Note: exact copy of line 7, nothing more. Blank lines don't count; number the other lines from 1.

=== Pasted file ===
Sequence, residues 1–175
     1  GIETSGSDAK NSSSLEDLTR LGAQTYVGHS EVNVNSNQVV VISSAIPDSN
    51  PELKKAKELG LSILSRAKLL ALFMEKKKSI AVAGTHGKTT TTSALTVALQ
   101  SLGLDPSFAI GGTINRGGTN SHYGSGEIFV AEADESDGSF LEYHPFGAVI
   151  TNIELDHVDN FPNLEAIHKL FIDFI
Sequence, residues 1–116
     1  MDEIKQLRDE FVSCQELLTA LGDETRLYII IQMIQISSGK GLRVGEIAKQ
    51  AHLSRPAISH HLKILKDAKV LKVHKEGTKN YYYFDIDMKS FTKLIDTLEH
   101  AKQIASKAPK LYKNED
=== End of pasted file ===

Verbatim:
     1  MDEIKQLRDE FVSCQELLTA LGDETRLYII IQMIQISSGK GLRVGEIAKQ